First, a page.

I needed a new scanner, and I wanted one that was significantly faster than the one I’ve been using until now. After some Googling, I landed on the Epson DS-50000, which is an A3+ scanner with a promise of being able to scan an A3 300DPI page in four seconds.
The web site I bought it from said that it’s a 4PPM scanner.
THOSE ARE NOT THE SAME THING!
So I was excited when I finally got it, two months after I ordered it. Was it going to be 4PPM or 4SPP?
The latter! From hitting “enter” on my USB-connected laptop to having the scanned page up in my Emacs, it takes 3.5 seconds. Very impressive, I think. It’s only USB2, and I thought that might be a bottleneck, perhaps, but apparently not. It also feels very sturdy and it doesn’t have a fan, so it’s quite silent. It’s very nice. And it makes good-quality scans, too.
Yes, I connected it to a Linux laptop and you all knows what comes next: A tale of woe.
$ scanimage -d epsonds:libusb:001:019 – resolution 300dpi > /tmp/file
Worked perfectly the first time I tried it, so I thought I was in luck for once. But then I tried it again:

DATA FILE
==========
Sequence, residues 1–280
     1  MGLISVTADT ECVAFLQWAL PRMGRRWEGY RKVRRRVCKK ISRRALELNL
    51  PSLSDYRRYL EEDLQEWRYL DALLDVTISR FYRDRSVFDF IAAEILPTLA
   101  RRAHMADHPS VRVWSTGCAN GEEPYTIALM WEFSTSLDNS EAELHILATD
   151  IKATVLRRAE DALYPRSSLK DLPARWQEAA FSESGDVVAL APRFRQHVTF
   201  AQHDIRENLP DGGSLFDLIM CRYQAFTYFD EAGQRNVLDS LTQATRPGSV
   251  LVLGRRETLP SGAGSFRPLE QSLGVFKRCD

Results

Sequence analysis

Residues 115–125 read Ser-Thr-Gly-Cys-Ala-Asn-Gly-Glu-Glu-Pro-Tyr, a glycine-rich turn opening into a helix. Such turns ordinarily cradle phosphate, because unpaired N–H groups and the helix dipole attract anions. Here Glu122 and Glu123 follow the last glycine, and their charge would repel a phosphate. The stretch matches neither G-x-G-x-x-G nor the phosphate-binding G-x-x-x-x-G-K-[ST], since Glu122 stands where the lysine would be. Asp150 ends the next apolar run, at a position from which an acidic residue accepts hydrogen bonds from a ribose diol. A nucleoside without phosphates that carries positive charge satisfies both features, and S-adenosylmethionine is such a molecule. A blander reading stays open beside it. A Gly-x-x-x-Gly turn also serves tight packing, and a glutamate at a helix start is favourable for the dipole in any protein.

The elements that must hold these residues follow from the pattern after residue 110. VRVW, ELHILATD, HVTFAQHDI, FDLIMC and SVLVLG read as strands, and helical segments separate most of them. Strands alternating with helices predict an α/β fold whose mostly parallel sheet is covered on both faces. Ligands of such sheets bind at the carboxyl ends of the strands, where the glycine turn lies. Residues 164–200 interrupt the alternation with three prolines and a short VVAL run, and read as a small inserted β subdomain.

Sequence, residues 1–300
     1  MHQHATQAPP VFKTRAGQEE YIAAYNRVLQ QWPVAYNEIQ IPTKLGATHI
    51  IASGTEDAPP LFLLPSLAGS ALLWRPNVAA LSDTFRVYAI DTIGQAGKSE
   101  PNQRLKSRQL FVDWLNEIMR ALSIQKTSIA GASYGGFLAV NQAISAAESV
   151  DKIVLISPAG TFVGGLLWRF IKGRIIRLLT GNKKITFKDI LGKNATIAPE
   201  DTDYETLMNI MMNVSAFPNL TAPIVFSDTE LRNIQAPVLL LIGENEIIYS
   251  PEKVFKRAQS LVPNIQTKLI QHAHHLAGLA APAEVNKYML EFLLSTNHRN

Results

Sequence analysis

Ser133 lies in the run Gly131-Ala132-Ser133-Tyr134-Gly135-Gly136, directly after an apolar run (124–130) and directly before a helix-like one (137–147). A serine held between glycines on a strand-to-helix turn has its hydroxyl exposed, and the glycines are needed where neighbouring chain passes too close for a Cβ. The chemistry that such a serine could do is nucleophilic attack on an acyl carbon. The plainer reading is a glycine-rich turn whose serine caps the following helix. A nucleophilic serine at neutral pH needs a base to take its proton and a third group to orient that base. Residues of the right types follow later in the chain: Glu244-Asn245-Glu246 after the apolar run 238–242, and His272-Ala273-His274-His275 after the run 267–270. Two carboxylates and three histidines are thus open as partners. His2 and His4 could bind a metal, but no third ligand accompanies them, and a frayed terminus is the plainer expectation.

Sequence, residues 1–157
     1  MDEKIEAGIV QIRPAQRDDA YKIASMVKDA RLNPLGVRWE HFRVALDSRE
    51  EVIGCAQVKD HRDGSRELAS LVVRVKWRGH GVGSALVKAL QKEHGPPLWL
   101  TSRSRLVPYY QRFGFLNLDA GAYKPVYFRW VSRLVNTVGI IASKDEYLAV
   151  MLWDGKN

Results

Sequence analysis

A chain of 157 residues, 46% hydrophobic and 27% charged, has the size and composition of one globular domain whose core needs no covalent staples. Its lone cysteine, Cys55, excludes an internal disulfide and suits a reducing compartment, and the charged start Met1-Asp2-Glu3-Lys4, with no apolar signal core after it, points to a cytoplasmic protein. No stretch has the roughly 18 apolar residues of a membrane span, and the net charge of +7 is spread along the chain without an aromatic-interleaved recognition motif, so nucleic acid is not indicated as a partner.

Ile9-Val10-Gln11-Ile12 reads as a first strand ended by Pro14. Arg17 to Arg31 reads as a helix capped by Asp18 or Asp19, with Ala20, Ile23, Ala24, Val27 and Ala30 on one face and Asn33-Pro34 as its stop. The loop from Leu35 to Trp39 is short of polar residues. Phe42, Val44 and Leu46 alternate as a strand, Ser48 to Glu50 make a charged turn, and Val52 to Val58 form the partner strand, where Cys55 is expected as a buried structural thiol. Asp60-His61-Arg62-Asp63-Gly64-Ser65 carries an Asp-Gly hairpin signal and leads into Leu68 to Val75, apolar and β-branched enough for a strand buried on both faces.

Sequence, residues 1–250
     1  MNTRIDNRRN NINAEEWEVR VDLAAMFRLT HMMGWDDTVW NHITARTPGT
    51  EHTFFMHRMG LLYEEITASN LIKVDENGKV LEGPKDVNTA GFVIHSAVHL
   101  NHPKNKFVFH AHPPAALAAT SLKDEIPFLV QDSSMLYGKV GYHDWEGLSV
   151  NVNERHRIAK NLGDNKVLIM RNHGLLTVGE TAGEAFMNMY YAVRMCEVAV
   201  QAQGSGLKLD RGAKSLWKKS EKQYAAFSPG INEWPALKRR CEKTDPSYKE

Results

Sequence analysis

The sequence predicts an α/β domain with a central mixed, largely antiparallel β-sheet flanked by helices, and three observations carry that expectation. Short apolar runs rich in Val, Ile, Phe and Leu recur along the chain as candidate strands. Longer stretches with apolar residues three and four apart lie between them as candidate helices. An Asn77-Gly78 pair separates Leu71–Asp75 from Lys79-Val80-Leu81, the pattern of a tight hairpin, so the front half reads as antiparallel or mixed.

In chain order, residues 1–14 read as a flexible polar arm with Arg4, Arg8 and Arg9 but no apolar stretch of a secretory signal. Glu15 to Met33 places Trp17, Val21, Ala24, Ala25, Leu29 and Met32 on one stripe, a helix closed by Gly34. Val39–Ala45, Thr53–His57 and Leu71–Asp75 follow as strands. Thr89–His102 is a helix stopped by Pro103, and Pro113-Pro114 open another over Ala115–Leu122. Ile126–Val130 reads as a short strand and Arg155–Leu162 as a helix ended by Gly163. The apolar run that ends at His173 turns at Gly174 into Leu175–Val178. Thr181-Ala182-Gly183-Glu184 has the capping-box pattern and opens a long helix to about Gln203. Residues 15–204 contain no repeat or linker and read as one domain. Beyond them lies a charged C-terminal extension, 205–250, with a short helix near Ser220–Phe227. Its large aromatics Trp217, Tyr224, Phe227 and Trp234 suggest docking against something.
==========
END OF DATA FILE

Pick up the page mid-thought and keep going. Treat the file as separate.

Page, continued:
$ scanimage -d epsonds:libusb:001:019 – resolution 300dpi > /tmp/file scanimage: open of device epsonds:libusb:001:019 failed: Error during device I/O
Gah! Basically, nothing helped. And it’s not just when scanning: Any command that talks to the scanner works the first time:
$ scanimage -L device `epsonds:libusb:001:019' is a Epson DS-50000 ESC/I-2
But the second time:
$ scanimage -L No scanners were identified. If you were expecting something different, check that the scanner is plugged in, turned on and detected by the sane-find-scanner tool (if appropriate). Please read the documentation which came with this software (README, FAQ, manpages).
If I unplug it and replug it, then it works again.
After googling a bit, it seems that somebody had the same issue some years back with a different scanner, and the way to fix it was to build scanimage and friends from the current source tree, but that didn’t help.
So after some head scratching, I thought of a different approach: Obviously, something scanimage is doing is leaving the scanner in a bad state. What if I just reset the USB interface? Is that something that’s even possible?
I added a Makefile and put it on Microsoft Github for your convenience. All the code does is basically:
ioctl(fd, USBDEVFS_RESET, 0);
And this resets just the single USB port, so nothing else wonky happens to the USB sub-subsystem. And the command is extremely fast, so it adds no delay to the scanning process.
You do get a lot of these messages in your kern.log, though:
Oct 28 21:03:06 corrigan kernel: [972003.683893] usb 1-2: reset high-speed USB device number 19 using xhci_hcd
But who cares.
It’s truly the year of Linux on the Laptop.